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Piggybacking off this question:

Shallow sea world - plausable geology? what would we need to have a world covered in reef? An entire world of this:

enter image description here

If I understood them correctly the previous questions answers suggest that the planet would need deep oceans as well, so its not all shallow. And that it might need volcanic activity to shed heat. So how about mostly shallow and some volcanic venting?

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    $\begingroup$ The rouge planet tag completely rules this out (unless the magic tag is also added) because a star would be needed to make the water stay in liquid form. $\endgroup$ Apr 21 at 19:11
  • $\begingroup$ @EkadhSingh DOH! I didn't mean rogue planet. I meant exo-planet! My bad. $\endgroup$
    – Len
    Apr 21 at 20:33
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    $\begingroup$ first rule of reef world, no geological activity of the tectonic plate variety, if you want it uniformly flat all over with no mountains you can't afford colliding plates pushing up mountain ranges all over the place. $\endgroup$
    – Pelinore
    Apr 22 at 10:16
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Time.

It is an old, old world. The core has frozen and plate tectonics have stopped, although fortunately for this world's atmosphere the nickel-iron core has become a large ferromagnet which continues to protect from the solar wind.

Weather continues. Over the eons, rain washes the mountains down into the sea until there is nothing left to erode. Under the surface, mass action causes high points to fill in low points.

Now several billion years later the work of the plates has been undone. There is no more land. Rain falls on the surface of the water and underwater the ocean floor is shallow at all points.

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  • $\begingroup$ Did I mention that I meant an exo-planet, not a rogue planet. Sorry! $\endgroup$
    – Len
    Apr 21 at 20:37
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A few thoughts:

This isn't a guarantee of a world with NO deep parts lacking reefs, or NO islands, but it may help to explain a lot of the gaps in your worldbuilding. A couple of these might be mutually exclusive, so pick and choose as desired.

  • I agree, geology would need to be different. Either the world would need to have had a long time to erode, or the plates formed/didn't form in such a way that there are no continents & mountains.

  • Some kind of combination of highly destructive organisms have been digesting the land, and have found energetically favorable ways to corrode exposed rock to nothing. The land, when it occurs, or even Up-thrust reefs, are degraded by these aggressive land species.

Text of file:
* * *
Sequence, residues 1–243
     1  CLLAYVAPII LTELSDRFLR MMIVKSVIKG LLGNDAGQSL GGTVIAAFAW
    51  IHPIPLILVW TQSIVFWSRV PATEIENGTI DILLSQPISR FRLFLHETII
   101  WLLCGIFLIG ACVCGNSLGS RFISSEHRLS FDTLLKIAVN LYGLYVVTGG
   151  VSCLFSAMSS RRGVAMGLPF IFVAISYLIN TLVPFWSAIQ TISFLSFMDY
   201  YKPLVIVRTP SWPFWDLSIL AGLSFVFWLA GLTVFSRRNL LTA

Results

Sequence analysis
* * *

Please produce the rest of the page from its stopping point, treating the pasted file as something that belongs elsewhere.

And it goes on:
• You have species of beaver-like organisms combined (and/or) with corals that form terrace-like structures on the land. They have favorable growing/feeding conditions in these pools, like rice paddies. Everywhere there is land, you have large grown/cultures lakes with thin dam-like structures for every elevation change. So all your land is covered in an endless series of pools filled by the perpetual rains. Thus the land becomes a stand-in for reefs.

  • Consider a semi-buoyant version of a reef, able to float in the deep ocean over areas without a bottom. These structures have plants at their base that stay afloat to stay on or near the surface for sunlight. They may be in a symbiotic relationship with the the coral-analogs (these might be made of lighter materials), providing the corals with habitat in exchange for protection from predators. These floating reefs slowly agglomerate to form a mass of reef-like structure over the ocean, only occasionally disrupted by large storms or geologic events. So your deep oceans are coated in a blanket of organics that fix the surface and shift with sea levels. enter image description here enter image description here

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  • $\begingroup$ I really like the semi buoyant reef idea. Could that incorporate a sargasso type plantlife? $\endgroup$
    – Len
    Apr 24 at 1:37
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    $\begingroup$ @Len It's your world, and Sargasso-type plant life is sort of what I was thinking about. The various species would just need some kind of intercalation to prevent it from being torn apart by waves, winds and storms, since the Sargasso has natural calm conditions. Eventually they would need some compression resistance as storms would crush in and cause the parts to push on each other. There would be some buckling occasionally. At the extreme, the whole thing could eventually calcify into a sort of dome over the ocean, leaving an oceanic underdark like the deeps, but at shallower depths. $\endgroup$
    – DWKraus
    Apr 24 at 13:26
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Coral reefs can only exist in warm, shallow seas. High gravity will work to even out the terrain, and you want oceans that are on average no deeper than 200 m. A large planet will be more volcanically active, as well as having higher gravity, so it’ll work out. As for getting energy from its sun, the corals can survive water temperatures between 291 and 313 K, so we want that as our temperature range. Water is a greenhouse gas and has a low albedo, so it should work to keep the planet warm. Get a good axial tilt, and an decently-long day, and it should work for a predominant coral reef biome.